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Sunday, 22 April 2018

16 'Facts' That Have Been Proven False By Science

16 'Facts' That Have Been Proven False By Science


There are so many "facts" that we repeat time and again, without ever examining whether or not there's any truth behind them.
You can't go swimming after eating. Sharks can smell blood miles away. Dogs can't see colors.
All of these are so well-known that nearly everyone has heard of them. What's more, they're all false.

1. The five-second rule is bogus.

Many people drop food on the floor, pick it up immediately, and eat it — arguing that no bacteria can adhere to it within five seconds.
This just isn't true. Food can pick up bacteria nearly instantly, meaning there's no such thing as a safe duration for eating food that's been dropped.

2. McDonald's burgers don't last forever.

There's a belief that foods high in preservatives, like fast food or snack cakes, basically last forever without spoiling.
In fact, McDonald's burgers go bad within a day. They might not obviously rot if they're kept in dry, cold conditions, but that doesn't mean they're safe to eat.

3. Lemmings don't leap to their deaths.

An unfortunate urban legend, this one was unfortunately started by a Disney film crew that wanted to create a more dramatic scene.
They marched scores of lemmings off a cliff, giving rise to a false belief that has persisted for decades.

4. Humans didn't evolve from chimps — we evolved from a common ancestor.

Evolution is a constant, meaning that other apes have been evolving just as we have.
What does that mean? It means that we didn't come from chimps or gorillas or monkeys — all species came from a common ape ancestor that no longer exists.

5. Sharks can, in fact, get cancer.

The myth that sharks can't get cancer was started by a guy trying to sell shark cartilage as a cancer treatment.
Scientists have actually observed cancer in various shark species over the years — more than enough to debunk the claims.

6. Sharks can't smell blood from miles away.

Sticking with the shark beat, let's debunk the myth that sharks can smell blood from miles away.
The ocean is big, and although sharks have a keen sense of smell, they can smell blood from a few hundred yards away — not miles.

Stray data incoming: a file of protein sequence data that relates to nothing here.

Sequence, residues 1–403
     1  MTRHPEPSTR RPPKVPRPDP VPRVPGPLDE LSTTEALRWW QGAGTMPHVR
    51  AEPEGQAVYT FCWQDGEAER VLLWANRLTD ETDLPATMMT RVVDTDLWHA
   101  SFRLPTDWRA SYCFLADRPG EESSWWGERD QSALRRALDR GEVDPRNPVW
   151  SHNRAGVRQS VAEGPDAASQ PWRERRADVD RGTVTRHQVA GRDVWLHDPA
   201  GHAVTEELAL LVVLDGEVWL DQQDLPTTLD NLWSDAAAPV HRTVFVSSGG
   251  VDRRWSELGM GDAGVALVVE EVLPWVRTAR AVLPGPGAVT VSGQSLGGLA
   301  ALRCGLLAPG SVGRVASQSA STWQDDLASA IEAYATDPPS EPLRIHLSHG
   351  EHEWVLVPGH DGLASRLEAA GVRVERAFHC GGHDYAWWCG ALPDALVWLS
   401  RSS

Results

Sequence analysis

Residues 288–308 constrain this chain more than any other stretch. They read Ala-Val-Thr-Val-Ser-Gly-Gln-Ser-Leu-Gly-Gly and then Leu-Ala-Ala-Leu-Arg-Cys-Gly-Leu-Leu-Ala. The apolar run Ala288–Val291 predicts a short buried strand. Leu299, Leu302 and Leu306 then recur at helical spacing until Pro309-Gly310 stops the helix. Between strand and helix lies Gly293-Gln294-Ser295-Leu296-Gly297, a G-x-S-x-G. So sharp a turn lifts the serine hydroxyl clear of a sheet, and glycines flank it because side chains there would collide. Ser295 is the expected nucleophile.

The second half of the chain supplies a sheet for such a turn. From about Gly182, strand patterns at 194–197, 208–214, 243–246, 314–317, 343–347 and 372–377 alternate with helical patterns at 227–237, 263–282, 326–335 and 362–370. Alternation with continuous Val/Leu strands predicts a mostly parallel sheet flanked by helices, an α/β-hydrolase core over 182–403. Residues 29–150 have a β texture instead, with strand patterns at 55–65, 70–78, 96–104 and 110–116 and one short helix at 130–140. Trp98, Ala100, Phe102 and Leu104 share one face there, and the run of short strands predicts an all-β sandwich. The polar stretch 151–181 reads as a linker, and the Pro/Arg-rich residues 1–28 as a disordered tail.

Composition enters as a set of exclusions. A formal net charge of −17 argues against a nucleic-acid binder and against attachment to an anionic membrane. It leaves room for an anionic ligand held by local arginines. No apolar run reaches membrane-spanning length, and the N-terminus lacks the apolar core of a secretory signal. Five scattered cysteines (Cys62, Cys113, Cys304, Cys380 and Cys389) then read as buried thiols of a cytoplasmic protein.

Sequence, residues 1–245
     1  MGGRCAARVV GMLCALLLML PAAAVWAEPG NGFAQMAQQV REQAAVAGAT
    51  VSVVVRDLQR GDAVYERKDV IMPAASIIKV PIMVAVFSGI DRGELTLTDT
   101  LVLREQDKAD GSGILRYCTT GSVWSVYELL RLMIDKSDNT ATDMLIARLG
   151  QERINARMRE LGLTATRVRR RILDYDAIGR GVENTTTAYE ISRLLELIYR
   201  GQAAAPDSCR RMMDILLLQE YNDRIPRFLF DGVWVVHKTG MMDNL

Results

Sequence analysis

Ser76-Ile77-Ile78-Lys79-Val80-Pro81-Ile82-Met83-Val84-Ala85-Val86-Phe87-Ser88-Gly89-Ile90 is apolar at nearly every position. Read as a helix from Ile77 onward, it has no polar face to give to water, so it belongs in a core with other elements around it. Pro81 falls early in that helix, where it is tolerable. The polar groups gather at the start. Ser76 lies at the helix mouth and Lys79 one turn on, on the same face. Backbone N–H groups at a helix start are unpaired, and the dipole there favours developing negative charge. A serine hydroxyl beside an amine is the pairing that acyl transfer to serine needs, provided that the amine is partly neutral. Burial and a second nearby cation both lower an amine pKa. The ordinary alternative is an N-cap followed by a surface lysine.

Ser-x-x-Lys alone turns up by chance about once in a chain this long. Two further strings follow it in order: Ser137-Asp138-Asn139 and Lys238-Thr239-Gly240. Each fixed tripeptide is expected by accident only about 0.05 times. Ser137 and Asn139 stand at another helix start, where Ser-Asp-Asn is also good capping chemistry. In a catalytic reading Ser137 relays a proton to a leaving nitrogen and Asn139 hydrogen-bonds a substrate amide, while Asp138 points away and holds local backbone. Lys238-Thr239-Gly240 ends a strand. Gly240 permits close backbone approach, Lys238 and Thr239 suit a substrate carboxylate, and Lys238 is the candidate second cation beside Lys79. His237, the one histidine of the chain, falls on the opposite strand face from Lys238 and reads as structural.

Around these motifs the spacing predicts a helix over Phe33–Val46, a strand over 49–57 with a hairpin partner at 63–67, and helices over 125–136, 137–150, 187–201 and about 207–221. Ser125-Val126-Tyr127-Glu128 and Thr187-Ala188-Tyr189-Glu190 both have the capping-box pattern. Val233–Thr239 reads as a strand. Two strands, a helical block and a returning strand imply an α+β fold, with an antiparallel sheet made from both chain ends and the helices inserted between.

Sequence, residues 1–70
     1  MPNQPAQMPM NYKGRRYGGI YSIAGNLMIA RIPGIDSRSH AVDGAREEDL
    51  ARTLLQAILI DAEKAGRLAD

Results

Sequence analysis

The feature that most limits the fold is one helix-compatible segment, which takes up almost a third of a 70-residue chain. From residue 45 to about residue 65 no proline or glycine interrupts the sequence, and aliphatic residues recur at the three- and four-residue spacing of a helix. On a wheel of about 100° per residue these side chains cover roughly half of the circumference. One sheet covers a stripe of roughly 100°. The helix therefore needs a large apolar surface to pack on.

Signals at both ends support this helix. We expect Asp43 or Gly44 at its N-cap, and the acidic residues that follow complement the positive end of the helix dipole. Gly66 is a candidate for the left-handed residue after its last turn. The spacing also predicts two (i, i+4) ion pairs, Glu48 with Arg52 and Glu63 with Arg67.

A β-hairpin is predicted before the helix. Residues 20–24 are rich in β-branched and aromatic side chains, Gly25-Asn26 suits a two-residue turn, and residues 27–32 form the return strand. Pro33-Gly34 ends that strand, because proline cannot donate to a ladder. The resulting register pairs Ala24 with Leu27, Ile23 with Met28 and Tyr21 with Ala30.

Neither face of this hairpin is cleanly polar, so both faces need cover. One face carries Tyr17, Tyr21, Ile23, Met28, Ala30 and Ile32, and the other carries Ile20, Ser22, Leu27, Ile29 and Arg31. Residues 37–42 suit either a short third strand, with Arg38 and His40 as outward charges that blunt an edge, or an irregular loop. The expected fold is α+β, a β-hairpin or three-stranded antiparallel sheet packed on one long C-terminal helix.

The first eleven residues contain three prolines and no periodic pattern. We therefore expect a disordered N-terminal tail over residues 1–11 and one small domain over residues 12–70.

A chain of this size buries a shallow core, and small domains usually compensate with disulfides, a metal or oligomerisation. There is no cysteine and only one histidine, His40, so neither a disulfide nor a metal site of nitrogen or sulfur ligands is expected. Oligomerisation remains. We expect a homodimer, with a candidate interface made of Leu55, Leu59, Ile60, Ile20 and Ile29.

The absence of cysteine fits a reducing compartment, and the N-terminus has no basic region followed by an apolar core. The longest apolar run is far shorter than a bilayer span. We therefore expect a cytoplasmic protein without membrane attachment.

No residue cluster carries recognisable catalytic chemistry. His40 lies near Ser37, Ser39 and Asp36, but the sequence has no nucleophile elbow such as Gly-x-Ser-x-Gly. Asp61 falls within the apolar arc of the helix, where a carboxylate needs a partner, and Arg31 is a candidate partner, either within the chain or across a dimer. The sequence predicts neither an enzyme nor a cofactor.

7. Chocolate and other sweets aren't aphrodisiacs.

No, that heart-shaped box of chocolates isn't likely to make anyone more amorous.
The long-held myth never needed to be debunked, because there was never really any scientific evidence to support it in the first place.

8. Cats and dogs aren't actually colorblind.

We've been conditioned to think that our pets see in black and white, but that isn't exactly true.
Both cats and dogs see better in low-light situations, and also see in different spectrums, with colors appearing differently than they do to us.

9. You can't see the Great Wall of China from the moon.

There's an old myth that the Wall is the only human-made object visible from the moon.
You can see it from low-orbiting satellites like the International Space Station, but the same is true of many objects. From the moon, the narrow wall is completely invisible, however.

10. We use way more than 10% of our brain.

There's a popular myth that humans only use a certain, small percentage of their brain.
Different parts of the brain are used for different things, but we still use all of our brain. Brain stuff uses up a fifth of the body's energy.

11. Mount Everest isn't the tallest mountain on Earth.

The mountain is definitely the tallest above sea level, but it isn't technically the tallest mountain on Earth.
That honor goes to the Hawaiian island of Mauna Kea. Factoring in the submerged section of the volcanic island, it's 33,500 feet tall — about a mile taller than Everest.

12. Organic food isn't always better for you.

It may cost more, but that doesn't mean it's pesticide-free or even better for you. Organic crops are often sprayed with "natural" pesticides. 
What's more, experts have found that organic food doesn't have any nutritional benefits that non-organic doesn't.

13. The Sahara isn't Earth's biggest desert.

The vast Sahara may be our planet's most famous desert, but it isn't the biggest.
The biggest desert actually spans a whole continent. Antarctica, at 5.4 million square miles, is just as dry and much bigger than the 3.6 million square mile Sahara.

14. Vitamins aren't as important as they may seem.

Vitamins can be helpful for people who have nutritional deficiencies, but their benefits are overblown.
Multivitamins in particular don't necessarily provide any benefits to a person with a balanced diet, and they're not recommended by the U.S. Preventive Services Task Force.

15. Being in orbit doesn't mean you're weightless.

Sure, spacewalking astronauts may appear to float, but their body weight is still real.
Being in orbit basically means an object is falling forever around an object, and that object's gravity continually slingshots them around it, causing them to continue "falling."

16. You don't need to wait after eating to go swimming.

No, swimming after eating isn't going to make anyone cramp up and drown.
It's unclear where this myth came from, but there's absolutely zero evidence to support it. Swim away!

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